4.09.2012

The Future of Clinical Documentation Industry

I was forwarded an email today from my ASP which is written by a company that helps MTSOs purchase and buy other MTSOs describing the industry and explaining reasons as to the changes happening. I read this and loved it, wanted to share.

I could NOT find the link to the blog post but will copy it here directly from the email I was forwarded:

The Changing Landscape in Clinical Documentation

In my last note I talked about the evolution of the clinical documentation business and why I thought it would survive. This past month two very significant events occurred further changing the landscape in the industry: (i) the closing of the Clinical Documentation Industry Association (MTIA) and (ii) the announced merger of Transcend Services with Nuance Communications. Does this change my mind?
Not really.
From a nostalgic perspective, these changes are a little melancholy. I attended my first MTIA conference in 1996 or so. It always seemed like a right of membership to complain about the annual dues versus the perceived benefits of MTIA. But it’s sad to see it gone and we’ll miss the annual meeting. With regard to Transcend, it has been a significant player in the medical transcription industry for over 15 years. Their management team did such a tremendous job of growing the business that Nuance just offered to purchase them for $29.50 per share ($300 million). Alas, in several months the Transcend name will also be gone.
From a business perspective, you have to wonder if these events forecast a bleak future for the industry. Are there now too few potential members with enough money to support an industry association? Is the number two player in the industry selling out before it’s too late?
Addressing the latter first, Nuance put their money where their mouth is by investing $300 million in the industry to buy Transcend. The name Transcend might go away, but the relationships with its clients and the vast majority of its employees (especially the MT’s) will remain intact. I know that the management team at Transcend is very smart, but I am also certain that the management team at Nuance is neither na├»ve nor stupid. They believe in the industry and that’s a good thing. Transcend acted in a manner they believed to be in the best interests of their shareholders, clients and employees. So did Nuance.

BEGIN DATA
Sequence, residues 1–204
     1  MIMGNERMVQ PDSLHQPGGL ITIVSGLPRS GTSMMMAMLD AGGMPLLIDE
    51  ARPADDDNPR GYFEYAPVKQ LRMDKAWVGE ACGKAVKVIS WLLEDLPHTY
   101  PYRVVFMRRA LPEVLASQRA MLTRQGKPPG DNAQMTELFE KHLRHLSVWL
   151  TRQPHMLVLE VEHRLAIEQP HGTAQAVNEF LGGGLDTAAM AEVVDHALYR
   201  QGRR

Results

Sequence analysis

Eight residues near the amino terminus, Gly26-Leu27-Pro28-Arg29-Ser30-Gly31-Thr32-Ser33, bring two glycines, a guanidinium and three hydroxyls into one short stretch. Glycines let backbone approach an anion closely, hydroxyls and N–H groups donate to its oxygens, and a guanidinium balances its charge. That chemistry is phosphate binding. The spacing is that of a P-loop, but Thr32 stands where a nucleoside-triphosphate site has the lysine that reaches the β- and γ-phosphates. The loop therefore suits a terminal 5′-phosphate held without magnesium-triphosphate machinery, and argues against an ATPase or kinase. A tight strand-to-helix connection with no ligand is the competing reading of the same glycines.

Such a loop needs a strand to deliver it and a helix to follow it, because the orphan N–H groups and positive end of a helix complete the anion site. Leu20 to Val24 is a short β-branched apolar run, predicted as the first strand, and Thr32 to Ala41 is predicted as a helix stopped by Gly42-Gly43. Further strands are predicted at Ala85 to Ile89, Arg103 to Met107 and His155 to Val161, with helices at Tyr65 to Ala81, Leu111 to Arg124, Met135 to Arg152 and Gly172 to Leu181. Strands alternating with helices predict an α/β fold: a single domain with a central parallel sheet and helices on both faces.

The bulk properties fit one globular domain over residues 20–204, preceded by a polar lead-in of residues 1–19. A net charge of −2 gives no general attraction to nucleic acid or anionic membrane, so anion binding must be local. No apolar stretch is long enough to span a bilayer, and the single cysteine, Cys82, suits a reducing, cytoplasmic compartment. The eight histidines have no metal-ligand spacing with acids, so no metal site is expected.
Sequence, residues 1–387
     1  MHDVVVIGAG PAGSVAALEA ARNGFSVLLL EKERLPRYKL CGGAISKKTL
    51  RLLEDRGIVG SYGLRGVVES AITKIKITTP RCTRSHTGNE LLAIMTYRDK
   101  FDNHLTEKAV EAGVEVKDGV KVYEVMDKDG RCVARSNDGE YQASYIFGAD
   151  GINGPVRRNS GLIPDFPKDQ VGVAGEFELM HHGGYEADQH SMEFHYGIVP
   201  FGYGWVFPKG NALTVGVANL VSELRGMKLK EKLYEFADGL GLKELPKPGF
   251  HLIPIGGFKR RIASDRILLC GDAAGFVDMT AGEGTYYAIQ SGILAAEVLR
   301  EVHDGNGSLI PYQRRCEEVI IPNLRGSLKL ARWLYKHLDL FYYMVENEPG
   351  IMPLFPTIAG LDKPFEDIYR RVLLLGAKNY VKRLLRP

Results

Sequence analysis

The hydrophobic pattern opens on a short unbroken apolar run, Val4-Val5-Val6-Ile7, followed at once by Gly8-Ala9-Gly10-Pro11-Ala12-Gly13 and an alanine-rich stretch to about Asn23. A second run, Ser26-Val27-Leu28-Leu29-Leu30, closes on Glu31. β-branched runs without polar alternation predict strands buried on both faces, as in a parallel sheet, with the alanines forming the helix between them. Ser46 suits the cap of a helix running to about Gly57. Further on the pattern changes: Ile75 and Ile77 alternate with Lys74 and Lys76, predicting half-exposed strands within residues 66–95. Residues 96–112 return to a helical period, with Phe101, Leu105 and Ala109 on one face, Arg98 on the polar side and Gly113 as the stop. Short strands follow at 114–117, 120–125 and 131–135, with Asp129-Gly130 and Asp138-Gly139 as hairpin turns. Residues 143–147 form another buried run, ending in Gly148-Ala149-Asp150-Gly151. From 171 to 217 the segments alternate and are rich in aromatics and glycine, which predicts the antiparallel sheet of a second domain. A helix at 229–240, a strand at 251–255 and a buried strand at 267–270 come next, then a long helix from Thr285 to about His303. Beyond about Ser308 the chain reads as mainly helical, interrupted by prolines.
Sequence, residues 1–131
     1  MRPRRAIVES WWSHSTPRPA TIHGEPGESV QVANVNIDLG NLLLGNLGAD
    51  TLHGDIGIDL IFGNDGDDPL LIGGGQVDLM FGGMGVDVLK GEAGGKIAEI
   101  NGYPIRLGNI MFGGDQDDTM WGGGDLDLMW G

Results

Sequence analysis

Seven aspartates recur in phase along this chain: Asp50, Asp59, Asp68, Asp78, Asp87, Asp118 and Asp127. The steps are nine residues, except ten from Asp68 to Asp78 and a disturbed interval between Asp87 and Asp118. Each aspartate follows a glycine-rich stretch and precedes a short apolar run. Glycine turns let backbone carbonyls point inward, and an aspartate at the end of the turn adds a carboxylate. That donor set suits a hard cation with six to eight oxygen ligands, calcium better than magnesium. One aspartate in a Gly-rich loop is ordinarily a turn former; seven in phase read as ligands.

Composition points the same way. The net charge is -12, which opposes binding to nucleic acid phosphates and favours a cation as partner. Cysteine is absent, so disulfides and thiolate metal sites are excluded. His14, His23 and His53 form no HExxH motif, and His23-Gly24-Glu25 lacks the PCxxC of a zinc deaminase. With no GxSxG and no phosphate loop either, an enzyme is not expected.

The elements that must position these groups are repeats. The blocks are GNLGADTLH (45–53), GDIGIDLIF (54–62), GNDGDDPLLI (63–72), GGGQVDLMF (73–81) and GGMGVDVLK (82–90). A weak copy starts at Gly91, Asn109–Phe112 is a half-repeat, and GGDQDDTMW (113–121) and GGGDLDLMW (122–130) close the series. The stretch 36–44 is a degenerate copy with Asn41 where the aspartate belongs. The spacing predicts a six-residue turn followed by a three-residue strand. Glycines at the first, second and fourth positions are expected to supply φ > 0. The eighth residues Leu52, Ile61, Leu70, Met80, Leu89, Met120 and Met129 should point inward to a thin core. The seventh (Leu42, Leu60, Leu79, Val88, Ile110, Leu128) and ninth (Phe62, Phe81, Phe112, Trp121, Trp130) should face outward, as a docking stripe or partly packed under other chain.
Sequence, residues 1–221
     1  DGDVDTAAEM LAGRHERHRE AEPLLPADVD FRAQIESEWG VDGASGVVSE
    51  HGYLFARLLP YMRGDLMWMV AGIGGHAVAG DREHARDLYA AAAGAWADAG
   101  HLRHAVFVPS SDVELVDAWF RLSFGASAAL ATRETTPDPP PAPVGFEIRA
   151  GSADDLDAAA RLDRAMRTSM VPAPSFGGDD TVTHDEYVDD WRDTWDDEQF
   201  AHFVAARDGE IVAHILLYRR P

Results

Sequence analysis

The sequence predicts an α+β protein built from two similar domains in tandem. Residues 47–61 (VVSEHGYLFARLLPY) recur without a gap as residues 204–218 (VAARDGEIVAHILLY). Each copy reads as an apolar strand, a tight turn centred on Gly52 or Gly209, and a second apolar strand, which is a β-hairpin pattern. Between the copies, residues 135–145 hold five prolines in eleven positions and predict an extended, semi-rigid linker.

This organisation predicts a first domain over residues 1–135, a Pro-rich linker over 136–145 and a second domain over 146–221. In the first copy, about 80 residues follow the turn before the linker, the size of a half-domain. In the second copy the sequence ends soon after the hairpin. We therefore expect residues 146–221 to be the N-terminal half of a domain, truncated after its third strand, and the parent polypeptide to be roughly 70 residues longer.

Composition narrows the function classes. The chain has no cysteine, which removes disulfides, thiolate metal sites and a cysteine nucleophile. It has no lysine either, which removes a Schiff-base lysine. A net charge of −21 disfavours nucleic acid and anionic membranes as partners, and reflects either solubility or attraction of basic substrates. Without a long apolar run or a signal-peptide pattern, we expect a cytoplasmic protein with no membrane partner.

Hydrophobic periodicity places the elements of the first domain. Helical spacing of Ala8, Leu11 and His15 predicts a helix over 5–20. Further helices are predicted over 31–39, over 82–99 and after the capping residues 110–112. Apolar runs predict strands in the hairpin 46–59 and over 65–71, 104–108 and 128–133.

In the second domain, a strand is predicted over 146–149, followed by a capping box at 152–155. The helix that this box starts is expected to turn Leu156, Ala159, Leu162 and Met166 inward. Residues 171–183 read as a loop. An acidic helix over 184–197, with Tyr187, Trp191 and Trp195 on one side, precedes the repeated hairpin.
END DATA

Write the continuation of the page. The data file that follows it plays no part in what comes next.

The closing of MTIA related in part to the consolidation in the industry. But, truth be told, most MTSO’s have not sold out. However, we just went through an unprecedented downturn in the economy and everyone had to find areas to cut back on expenses. On top of that the industry is undergoing rapid technological change and pricing declines affecting everyone in the business. In the end, paying dues to an industry association probably just wasn’t high on the list of many. MTIA did a great job for many years and we should thank all of the board members and the MTIA leadership for their efforts.
Change is a double edged sword. Kodak filed for bankruptcy, but FUJI Film is more successful than ever. Clinical documentation is not going away – it is changing. You have to be willing to invest the time, energy and money necessary to change with it. If you don’t want to do that, you owe it to yourself, your clients and your employees to consider taking the route that Transcend did. If you ever want to explore that or talk about what we are seeing, please give me a call.
John Suender, President
Suender M&A Advisors, LLC

I then went on to browse their site (and sign up for email alerts) and came across this article. The typos bother me, but the information that lies within is priceless.

Some Thoughts About the Future of the Clinical Documentation Industry

There are so many interesting, exciting (and sometimes downright frightening) things going on in our industry. We need to "go with the flow," reinvent ourselves if somethings not working, and the key to that IS knowledge.

No comments: